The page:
Scam.com is a popular online complaint website with a bulletin board style forum interface for consumers to report scams and expose other fraudulent and deceptive business practices. There are 56,495 threads, 777,673 posts, and 319,058 members of the Scam.com community. The site attracts tens of thousands of visitors monthly.
According to a recent survey by BrightLocal, 86% of consumers read reviews for local businesses (including 95% of people aged 18-34). A negative review can drive away 40% of potential customers. A review on Scam.com can destroy a business.
Scam.com is a free website where people can share information and comments about scams and other fraudulent and deceptive business practices. It is organized similar to an online bulletin board site and there are categories for many popular scams, including Political Scams, MLM Scams, Internet Scams, Religious Scams, Work at Home Scams, Conspiracy Theories, Investment Scams, Science Scams, Corporate Scams, Mail Order Scams, Insurance Scams, Government Scams, Used Car Scams, Retail Scams, Charity Scams, Medical Scams, Sports Scams, Hotel Scams. There is a General Chat for scams that don’t fit into any of the above categories, and even a thread entitled “Don’t Watch These Movies".
Within the chat threads, people can ask questions about specific companies as to whether they are a scam or legitimate, although even suggesting or questioning whether a company is a scam can be damaging to the reputation of a business.
Consumer complaint websites can play an important role in protecting the public from misleading and deceptive conduct, fraud, and other civil and criminal wrongdoing, however, on Scam.com anyone can anonymously post anything about anyone, regardless of whether it is truthful or not. Scam.com does not investigate the claims made on the site and expressly disclaims any responsibility for content posted by others.
Online defamation (also called cyber libel) is a very serious matter, and you can take action against individuals that are trying to damage your reputation.
Cyber libel is defined as a false and unprivileged statement that is damaging to an individual’s reputation and published “with fault,” meaning as a result of negligence or malice.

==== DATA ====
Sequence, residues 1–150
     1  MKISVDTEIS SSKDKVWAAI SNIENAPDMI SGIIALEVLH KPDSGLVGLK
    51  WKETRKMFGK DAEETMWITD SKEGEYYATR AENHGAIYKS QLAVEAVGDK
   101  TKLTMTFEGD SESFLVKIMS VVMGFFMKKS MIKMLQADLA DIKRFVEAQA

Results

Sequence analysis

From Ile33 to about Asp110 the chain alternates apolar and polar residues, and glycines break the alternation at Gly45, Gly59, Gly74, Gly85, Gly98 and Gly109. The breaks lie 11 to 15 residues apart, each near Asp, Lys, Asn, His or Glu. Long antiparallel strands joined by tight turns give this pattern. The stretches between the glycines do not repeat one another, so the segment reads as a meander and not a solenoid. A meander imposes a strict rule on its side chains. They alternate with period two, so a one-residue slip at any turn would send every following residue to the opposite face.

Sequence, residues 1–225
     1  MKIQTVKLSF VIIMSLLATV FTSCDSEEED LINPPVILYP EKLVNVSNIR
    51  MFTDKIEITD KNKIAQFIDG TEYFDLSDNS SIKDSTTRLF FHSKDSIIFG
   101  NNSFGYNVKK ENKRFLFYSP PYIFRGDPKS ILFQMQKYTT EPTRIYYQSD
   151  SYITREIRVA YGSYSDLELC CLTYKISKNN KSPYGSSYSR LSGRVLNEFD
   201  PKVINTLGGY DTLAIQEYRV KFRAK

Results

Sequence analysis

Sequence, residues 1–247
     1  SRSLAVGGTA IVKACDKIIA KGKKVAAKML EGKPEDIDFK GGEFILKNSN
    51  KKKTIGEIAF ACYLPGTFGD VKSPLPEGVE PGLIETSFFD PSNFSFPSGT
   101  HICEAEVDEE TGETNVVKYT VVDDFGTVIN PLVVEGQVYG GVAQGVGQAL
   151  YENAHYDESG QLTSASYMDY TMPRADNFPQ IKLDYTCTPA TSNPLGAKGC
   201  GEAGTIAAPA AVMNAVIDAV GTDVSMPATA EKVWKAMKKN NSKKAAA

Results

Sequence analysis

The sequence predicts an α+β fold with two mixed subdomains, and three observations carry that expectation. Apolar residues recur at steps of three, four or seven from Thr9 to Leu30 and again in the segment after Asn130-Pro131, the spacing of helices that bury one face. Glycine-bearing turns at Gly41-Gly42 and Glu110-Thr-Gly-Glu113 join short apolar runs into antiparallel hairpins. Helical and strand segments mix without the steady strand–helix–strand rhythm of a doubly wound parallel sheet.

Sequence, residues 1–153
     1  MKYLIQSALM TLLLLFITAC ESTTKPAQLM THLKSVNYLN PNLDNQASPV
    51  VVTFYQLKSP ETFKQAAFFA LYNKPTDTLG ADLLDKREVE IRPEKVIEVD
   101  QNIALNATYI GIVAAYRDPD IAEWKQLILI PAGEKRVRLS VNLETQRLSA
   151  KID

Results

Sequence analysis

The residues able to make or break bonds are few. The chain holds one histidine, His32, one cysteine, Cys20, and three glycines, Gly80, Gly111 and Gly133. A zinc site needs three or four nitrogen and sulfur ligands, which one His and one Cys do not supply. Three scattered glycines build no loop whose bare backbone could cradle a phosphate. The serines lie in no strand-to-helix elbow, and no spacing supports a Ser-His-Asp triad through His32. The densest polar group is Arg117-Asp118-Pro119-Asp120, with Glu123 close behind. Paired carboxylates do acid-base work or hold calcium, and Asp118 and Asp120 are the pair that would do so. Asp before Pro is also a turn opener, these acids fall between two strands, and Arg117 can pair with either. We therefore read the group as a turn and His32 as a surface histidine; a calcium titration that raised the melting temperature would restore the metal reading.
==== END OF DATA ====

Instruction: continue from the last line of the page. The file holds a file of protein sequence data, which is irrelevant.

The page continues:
In cyber libel cases, you must be able to prove that the person’s online statements were untrue and how they affected you or your business. If you are able to prove the content is false, you still need to be able to show damage or harm, and this can be challenging and may require accounting and financial experts — hurt feelings are not generally actionable in a defamation claim. If you are able to show damage or harm because of the statement, but the facts can be disputed, you may struggle to show the content is untrue as a matter of law.
It is very difficult to remove content from Scam.com. No matter how false or misleading the information posted about you or your company, there are broad legal protections for free speech and a vibrant Internet that make removal challenging.
Section 230 of the Communications Decency Act helps protect website hosts and internet providers from liability, as we will explore below, it also emboldens complaint sites which benefit from a free Internet and takes little responsibility for the content published on their site.
Section 230 specifies that third-party content publishers cannot be held responsible for the content of their users. This Act protects the owners of the website so that no matter what someone says about you or your business, no matter how untrue, it is not liable for the acts of these third parties. Scam.com is based on user-generated content and would likely avoid legal liability for any posts made on the site by claiming immunity under Section 230 of the Communications Decency Act.
Fair use allows the unlicensed use of copyright-protected works in certain circumstances. When someone takes your copyrighted content and uses it on Scam.com, by posting the logo for your company or a screenshot of your Website or image of your products, he or she will seek to claim fair use.